Paul Tasha, 15 Howland Street, Provincetown (2010), by David W. Dunlap.Tasha Hill (or Tasha Village)

Not that the Tasha family set out to create such a thing when they bought this enormous property in 1944, but their sprawling compound has a mystical feeling at times, as if it were a fantastic movie set depicting ur-Provincetown — not a literal rendering, of course, but a three-dimensional expression of the old town’s spirit: dense, communal, primitive and modest; inventive, ingenious, improvised and eccentric; romantic or shabby or mysterious, depending on your angle of vision and the time of day. Also, this must be one of the last places in town where residents can hear chickens from their bedrooms. Presiding over the compound these days is Paul D. Tasha (b 1952; pictured), a fisherman and horseman; the youngest child of Herman J. Tasha (1908-2000) and Rose “Sonny” (Savage) Tasha (1910-1994), who moved here from 222 Bradford Street, and a grandson of John Tasha (±1874-1954), who moved to Provincetown from São Miguel in the Azores. Significantly — and appropriately — Tasha Hill was also the last home of Harry Kemp, the Poet of the Dunes (1883-1960), whose cottage is shown in the above photo. Hazel Hawthorne Werner (1901-2000), the writer and author of Salt House (1934), also lived here. More pictures and history»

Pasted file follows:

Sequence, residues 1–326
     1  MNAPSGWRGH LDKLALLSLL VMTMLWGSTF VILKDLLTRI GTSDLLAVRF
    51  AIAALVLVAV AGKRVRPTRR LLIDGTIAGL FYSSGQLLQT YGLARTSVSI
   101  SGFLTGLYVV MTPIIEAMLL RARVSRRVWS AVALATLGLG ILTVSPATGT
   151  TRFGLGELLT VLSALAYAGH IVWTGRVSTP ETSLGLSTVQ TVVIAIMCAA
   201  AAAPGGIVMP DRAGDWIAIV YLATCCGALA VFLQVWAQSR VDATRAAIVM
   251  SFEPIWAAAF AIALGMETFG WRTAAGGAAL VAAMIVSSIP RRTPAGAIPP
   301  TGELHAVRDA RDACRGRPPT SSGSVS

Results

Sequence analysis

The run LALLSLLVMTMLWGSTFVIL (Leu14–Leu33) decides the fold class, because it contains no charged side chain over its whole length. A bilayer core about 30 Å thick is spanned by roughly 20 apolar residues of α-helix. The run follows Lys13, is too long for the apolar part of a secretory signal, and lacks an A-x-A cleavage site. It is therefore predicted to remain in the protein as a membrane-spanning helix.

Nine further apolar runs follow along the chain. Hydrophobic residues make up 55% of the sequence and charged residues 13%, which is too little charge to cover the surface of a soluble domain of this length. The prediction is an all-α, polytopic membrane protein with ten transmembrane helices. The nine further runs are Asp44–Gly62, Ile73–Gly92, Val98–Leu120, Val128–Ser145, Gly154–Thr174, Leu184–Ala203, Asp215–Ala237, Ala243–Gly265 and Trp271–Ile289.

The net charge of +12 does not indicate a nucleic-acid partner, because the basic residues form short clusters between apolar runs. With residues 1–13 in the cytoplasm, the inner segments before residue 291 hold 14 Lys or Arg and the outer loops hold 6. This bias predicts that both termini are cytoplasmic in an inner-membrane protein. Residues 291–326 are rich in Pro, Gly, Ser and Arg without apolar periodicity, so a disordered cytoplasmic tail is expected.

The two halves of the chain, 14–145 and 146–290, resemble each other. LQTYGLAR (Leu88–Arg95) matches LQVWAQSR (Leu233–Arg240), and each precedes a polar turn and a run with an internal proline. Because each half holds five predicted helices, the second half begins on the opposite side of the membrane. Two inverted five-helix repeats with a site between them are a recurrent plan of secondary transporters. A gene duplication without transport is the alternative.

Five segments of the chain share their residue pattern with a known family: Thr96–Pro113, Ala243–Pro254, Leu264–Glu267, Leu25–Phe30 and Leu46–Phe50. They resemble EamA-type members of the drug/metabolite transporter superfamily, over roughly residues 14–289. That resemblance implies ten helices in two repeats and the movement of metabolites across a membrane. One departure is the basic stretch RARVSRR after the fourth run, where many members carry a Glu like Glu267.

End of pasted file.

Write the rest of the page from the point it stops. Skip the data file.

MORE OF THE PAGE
41R Howland Street

41R Howland Street, Provincetown (2010), by David W. Dunlap. 
41R Howland Street, Provincetown (2010), by David W. Dunlap.Paul Tasha house

Usually, when people say, “I’m building a house,” they mean they’ve hired a general contractor to build them a house. When Paul Tasha of 15 Howland Street says he’s building a house, he mean’s he’s building a house: stone by stone, beam by beam, board by board — as much of it by hand as he possibly can. One might call it artisanal construction, though Tasha himself would probably wince at that chichi word. You might also call it the single largest work of art in Provincetown. True to the town’s tradition, it makes use wherever possible of found material, both natural and constructed. More pictures and history»

43 Howland Street

43 Howland Street, Provincetown (2009), by David W. Dunlap.